The Breast Clinic at Mayo Clinic in Arizona coordinates state-of-the-art multidisciplinary services, research studies and education to provide a highly personalized evaluation and treatment plan.
Patients with breast cancer meet with members of their treatment team to find the most appropriate approach to treatment and care for their cancer. The team's mission is to optimize the treatment of breast cancer, improving the incidence of survival and decreasing side effects for patients.
Before recommending a treatment plan, Mayo physicians will review the patient's preferences, laboratory tests, X-rays, medical history, family histories and any prior treatments for cancer.
At Mayo Clinic in Arizona, the number and percentage of breast cancer survivors have increased steadily during the past 20 years due to the multidisciplinary approach to care provided by specialists working together to help patients. The multidisciplinary breast cancer treatment team at Mayo Clinic in Arizona works to:
Researchers at Mayo Clinic in Arizona continue to find safe, effective treatments that improve survival rates and quality of life for women with breast cancer. Promising discoveries are evaluated through clinical trials available to all eligible patients at Mayo Clinic, where treatment for breast cancer has improved through research leading to the discovery of:
Mayo Clinic Cancer Center earned the comprehensive cancer center designation from the National Cancer Institute (NCI), which recognizes both commitment to clinical excellence in treating patients and strong research programs. Mayo Clinic also is active in the North Central Cancer Treatment Group, which performs clinical cancer research at Mayo and other sites.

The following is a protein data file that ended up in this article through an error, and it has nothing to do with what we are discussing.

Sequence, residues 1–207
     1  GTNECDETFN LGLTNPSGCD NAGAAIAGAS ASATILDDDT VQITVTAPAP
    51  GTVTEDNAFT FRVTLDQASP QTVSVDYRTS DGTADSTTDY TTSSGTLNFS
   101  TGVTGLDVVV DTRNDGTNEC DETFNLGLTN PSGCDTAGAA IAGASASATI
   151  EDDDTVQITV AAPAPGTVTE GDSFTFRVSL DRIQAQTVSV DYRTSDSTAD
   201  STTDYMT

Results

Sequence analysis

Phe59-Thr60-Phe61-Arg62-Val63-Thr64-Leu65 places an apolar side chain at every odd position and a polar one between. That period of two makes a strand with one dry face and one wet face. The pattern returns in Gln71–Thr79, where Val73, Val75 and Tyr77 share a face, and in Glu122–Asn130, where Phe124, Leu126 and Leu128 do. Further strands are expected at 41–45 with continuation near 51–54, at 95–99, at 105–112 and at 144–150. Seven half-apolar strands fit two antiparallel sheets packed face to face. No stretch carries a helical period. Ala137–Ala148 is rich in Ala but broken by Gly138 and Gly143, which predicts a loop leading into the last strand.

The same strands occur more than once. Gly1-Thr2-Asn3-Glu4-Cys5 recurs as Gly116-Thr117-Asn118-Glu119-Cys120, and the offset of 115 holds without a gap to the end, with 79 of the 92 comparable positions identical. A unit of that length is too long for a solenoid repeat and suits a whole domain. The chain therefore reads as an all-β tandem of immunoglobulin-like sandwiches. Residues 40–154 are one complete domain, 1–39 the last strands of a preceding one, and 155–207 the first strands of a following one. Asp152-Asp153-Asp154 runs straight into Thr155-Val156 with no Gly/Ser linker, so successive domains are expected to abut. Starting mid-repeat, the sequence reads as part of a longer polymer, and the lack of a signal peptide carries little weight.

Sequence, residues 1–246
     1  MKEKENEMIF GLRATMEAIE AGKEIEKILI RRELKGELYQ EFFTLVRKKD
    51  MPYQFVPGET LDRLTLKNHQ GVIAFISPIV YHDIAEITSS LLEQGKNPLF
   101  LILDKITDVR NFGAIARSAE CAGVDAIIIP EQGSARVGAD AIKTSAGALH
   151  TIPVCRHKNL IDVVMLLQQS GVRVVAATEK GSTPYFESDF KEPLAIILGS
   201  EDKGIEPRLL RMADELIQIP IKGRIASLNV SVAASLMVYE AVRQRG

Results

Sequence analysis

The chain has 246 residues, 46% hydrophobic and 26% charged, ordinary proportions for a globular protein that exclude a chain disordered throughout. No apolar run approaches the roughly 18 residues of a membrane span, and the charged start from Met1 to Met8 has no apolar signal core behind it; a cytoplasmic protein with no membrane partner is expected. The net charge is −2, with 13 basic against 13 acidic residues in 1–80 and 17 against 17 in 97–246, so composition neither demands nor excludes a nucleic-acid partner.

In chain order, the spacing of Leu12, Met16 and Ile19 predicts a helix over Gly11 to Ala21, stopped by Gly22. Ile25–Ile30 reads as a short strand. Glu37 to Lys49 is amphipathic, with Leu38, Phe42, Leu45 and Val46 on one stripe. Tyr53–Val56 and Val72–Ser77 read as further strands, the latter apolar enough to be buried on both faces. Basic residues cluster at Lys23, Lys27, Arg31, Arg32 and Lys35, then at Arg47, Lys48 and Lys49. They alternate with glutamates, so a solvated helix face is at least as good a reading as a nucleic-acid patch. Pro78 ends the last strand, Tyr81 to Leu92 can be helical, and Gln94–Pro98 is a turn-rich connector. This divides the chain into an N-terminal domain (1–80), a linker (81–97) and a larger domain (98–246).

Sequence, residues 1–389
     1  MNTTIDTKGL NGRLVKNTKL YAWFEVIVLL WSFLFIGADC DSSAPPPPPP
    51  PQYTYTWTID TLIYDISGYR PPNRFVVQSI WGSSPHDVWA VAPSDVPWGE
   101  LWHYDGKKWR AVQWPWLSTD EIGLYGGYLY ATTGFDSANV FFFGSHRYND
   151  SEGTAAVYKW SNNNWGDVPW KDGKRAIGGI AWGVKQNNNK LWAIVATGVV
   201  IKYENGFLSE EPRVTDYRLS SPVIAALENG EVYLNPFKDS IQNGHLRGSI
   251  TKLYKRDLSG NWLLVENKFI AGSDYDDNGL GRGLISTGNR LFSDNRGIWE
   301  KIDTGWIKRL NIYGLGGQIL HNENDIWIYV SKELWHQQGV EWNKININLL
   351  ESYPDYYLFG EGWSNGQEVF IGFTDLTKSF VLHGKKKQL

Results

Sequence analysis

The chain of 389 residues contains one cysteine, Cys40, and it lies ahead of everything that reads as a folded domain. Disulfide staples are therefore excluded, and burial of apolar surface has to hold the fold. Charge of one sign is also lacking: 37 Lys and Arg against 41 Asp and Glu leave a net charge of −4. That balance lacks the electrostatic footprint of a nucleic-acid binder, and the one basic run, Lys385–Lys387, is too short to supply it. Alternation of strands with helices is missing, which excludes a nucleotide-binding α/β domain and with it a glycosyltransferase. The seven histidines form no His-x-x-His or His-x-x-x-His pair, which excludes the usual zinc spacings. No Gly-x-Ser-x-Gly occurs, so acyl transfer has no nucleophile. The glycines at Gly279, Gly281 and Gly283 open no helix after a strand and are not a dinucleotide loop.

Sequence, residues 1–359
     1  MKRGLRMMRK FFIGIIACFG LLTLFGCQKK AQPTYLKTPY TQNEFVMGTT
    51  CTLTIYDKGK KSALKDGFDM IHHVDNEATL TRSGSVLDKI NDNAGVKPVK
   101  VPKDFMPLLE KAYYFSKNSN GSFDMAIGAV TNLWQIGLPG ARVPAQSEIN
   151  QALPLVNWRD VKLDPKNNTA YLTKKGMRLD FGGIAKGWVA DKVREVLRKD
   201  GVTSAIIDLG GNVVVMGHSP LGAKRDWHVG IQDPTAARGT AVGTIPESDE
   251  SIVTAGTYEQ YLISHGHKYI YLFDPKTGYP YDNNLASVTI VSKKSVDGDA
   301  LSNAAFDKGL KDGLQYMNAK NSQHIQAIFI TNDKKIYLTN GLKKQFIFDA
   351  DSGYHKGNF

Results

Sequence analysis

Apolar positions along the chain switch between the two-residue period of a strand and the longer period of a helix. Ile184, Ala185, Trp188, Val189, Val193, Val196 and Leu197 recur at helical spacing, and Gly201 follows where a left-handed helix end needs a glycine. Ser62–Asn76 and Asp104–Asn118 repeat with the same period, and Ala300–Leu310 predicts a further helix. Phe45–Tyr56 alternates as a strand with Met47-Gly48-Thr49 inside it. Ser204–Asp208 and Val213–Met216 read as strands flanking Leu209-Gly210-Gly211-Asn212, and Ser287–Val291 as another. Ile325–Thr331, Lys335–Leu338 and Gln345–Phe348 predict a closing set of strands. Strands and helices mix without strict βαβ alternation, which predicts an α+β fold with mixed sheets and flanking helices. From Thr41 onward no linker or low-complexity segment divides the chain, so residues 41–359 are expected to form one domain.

Cancer specialists in the departments of Hematology/Oncology coordinate the care of breast cancer patients, working closely with specialists in Internal Medicine, Radiology, Radiation Oncology, Pathology, Breast Surgery and others.
Surgical oncologists are available to provide specialized, comprehensive care to breast cancer patients when surgery is an option. A radiation oncologist joins the treatment team if radiation therapy is considered. A medical oncologist discusses the potential use of hormone therapy, targeted biological therapy and chemotherapy with patients.
In radiation therapy, high-energy X-rays are used to kill cancer cells and reduce the risk of cancer recurrence. A radiation oncologist evaluates patients who have breast cancer to determine whether radiation therapy is needed. Radiation therapy is commonly recommended following surgery for patients who undergo lumpectomy, patients who undergo mastectomy for very large tumors or patients whose cancer has spread to multiple lymph nodes.
For appointments or more information, call the Central Appointment Office at 800-446-2279 (toll-free) 8 a.m. to 5 p.m. Mountain Standard Time, Monday through Friday or complete an online appointment request form.
See information on patient services at Mayo Clinic in Arizona, including transportation and lodging options.